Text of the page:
src oncogenes, 183-185
SS (Sjogren's syndrome), 196
Stress fibers, 95-97
Stromal cells, see Endometrial stromal

Sulfotransferase, 34
SV40, see Simian virus-40
Swordtail, see Xiphorophorus
Synchronous fluorescence spectroscopy, 49
Syrian hamster embryo (SHE) cells, 96

T-antigen, see Simian virus-40
T4 polynucleotide kinase, 50, 52, 270
T47D cell line, see Human mammary epi-

thelial cells, carcinoma cell lines
TBAB (tetrabutylammonium bromide), 38,

Temperature shift, 90-93, 108, see also

Simian virus-40; Endometrial
stromal cells

Tetrabutylammonium bromide (TBAB),
38, 39

Tetraols, see Benzo(a)pyrene, DNA

12-0-Tetradecanoyl-phorbol-13-acetate, 88,

TGF-a (transforming growth factor a),
14-15, 17, 18, 21-23, see also
Growth factors

TGF-p (transforming growth factor (3),
75-76, 79, 80, 127-128, 133-134,
see also Growth factors

Thin-layer chromatography, 36, 50-51,

5-Thioguanine, 276-277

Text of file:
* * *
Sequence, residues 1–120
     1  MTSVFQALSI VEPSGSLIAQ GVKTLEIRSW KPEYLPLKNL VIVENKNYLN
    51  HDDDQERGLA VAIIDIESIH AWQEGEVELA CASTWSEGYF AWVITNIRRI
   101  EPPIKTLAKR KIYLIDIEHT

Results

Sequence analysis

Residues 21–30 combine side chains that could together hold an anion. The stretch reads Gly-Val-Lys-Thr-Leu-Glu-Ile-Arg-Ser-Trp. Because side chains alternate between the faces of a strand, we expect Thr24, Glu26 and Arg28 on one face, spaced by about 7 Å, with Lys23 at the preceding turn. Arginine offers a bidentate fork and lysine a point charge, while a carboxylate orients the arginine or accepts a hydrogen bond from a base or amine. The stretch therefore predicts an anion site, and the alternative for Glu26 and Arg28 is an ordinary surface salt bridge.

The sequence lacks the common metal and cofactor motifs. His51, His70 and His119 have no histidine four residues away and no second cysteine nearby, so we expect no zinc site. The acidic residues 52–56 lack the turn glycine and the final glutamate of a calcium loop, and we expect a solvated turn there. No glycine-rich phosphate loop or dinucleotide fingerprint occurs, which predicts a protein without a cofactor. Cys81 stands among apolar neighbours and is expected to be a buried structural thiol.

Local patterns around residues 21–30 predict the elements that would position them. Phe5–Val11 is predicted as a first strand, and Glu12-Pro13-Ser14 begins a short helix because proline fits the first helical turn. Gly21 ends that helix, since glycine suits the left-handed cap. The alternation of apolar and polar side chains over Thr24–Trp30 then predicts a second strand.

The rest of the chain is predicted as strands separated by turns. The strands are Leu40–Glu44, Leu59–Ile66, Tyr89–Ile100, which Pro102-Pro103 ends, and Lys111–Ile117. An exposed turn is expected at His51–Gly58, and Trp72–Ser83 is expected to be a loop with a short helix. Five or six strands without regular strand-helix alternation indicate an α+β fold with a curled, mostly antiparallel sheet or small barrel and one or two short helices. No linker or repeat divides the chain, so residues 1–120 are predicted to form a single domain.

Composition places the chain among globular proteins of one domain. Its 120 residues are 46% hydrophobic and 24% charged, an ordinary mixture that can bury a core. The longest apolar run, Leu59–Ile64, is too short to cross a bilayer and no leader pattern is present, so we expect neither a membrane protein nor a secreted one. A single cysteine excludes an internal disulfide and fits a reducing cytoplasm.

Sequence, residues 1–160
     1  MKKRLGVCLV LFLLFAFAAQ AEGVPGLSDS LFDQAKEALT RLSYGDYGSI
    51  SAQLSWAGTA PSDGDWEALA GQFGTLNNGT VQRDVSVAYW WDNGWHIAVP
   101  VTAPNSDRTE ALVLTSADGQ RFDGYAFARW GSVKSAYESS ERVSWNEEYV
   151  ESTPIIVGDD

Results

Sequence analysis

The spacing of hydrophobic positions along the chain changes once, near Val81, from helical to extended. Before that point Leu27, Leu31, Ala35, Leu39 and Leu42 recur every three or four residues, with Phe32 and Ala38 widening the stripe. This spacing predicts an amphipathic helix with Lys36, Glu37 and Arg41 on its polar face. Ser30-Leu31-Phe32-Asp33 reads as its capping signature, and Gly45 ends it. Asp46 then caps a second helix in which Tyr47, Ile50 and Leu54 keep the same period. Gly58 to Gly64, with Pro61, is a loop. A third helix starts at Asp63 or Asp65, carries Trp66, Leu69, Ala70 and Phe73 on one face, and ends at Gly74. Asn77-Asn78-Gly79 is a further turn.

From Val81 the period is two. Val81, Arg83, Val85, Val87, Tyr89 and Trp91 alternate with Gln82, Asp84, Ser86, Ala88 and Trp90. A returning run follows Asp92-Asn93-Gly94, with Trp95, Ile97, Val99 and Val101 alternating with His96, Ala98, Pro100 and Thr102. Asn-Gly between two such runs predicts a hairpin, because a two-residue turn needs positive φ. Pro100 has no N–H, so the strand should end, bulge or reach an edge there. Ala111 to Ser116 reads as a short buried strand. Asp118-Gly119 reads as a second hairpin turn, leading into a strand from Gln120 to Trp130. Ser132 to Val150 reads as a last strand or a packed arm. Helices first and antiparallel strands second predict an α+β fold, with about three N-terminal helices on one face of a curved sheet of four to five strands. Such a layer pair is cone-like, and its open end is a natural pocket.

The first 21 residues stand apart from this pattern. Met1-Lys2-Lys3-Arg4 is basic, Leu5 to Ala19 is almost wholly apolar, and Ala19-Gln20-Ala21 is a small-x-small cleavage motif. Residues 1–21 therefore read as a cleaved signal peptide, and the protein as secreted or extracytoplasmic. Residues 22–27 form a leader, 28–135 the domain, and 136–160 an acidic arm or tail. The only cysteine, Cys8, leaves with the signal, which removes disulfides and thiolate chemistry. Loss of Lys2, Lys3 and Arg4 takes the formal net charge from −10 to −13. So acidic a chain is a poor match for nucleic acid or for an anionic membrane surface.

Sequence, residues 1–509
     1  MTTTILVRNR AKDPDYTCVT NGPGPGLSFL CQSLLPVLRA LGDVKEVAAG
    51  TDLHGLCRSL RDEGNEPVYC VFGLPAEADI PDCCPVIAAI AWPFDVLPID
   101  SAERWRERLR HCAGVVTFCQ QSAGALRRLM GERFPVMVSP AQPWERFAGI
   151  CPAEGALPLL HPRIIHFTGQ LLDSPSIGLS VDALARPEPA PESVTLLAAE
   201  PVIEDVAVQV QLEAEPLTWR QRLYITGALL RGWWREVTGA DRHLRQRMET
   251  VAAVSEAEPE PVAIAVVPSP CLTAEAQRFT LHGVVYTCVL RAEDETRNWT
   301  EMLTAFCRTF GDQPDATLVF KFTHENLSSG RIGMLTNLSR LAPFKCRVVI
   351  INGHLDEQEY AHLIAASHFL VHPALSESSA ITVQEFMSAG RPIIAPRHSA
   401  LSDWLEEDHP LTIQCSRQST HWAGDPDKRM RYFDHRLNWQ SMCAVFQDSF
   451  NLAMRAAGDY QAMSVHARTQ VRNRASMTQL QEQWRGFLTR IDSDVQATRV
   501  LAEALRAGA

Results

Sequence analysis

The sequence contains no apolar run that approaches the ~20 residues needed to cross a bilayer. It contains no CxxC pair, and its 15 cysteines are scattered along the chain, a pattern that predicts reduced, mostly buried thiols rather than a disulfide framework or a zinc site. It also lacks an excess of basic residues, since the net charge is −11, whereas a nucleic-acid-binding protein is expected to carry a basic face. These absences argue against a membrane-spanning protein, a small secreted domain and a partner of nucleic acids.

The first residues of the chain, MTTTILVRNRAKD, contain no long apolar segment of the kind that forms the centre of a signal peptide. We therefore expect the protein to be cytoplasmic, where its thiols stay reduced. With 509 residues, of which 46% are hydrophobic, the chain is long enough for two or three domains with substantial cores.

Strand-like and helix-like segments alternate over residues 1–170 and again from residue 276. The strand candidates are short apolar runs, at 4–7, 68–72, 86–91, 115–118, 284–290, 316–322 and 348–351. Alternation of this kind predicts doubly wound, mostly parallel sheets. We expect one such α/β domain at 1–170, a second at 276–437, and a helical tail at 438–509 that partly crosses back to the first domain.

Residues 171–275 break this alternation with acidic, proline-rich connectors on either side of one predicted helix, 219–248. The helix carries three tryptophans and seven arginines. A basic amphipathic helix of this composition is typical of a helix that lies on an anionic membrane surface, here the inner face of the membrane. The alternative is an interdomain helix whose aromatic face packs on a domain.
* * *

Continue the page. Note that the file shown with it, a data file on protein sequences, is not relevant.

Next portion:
TPA (12-O-tetradecanoyl-phorbol-13-

acetate), 88, 93
Transfection, see individual entries
Transformation suppressor genes, 109
Transforming growth factor a (TGF-a),

14-15, 17, 18, 21-23, see also
Growth factors

Transforming growth factor 0 (TGF-(3),
75-76, 79, 80, 127-128, 133-134,
see also Growth factors

Tritium, 35, 37
Trypsin, 7
tsSV40, see Simian virus-40
Tu gene, 298
Tumor cells, plastic, see Squamous cell

carcinoma, anchorage-independent
cell line

Tumor suppression hypothesis, 148-152
Tumor suppressor genes, 96, 109, 142,

145, 148-152, 240-246, see also
Melanoma suppressor gene

Tumor viruses, see individual entries
Tumorigenesis, genetic basis of, 145-152,

Tumorigenicity, see also individual entries

assay, 190-191
human chromosomes, 6. 148-152
monochromosome fusion technique,

NHE transformed cells, 76, 78, 79
squamous cell carcinoma cell lines, 215,

220, 221, 222, 223, 275-276
suppression in somatic cell hybrids, 244,

Tumors, see also individual entries

formation in mouse vs. human, 2
growth factor production in, 15-16
induction by carcinogen-transformed

populations, 275-276
phenotypical characterization, 212, 213
promoters, 88-90

Tyrosine kinase, 108

Page 326

Index 313


UDP-glucuronosyltransferase, 34
Unscheduled DNA synthesis (UDS),

Unsymmetrical dimethyhydrazine

(UDMH), 271, 273-274


czs-Vicinyl hydroxyls, 44-45, 54
Vimentin, 73-74, 124, 125, 127

Wilms' tumor, 241, 244

Xiphorophorus spp., 286-288, see also

Xmrk oncogene, 297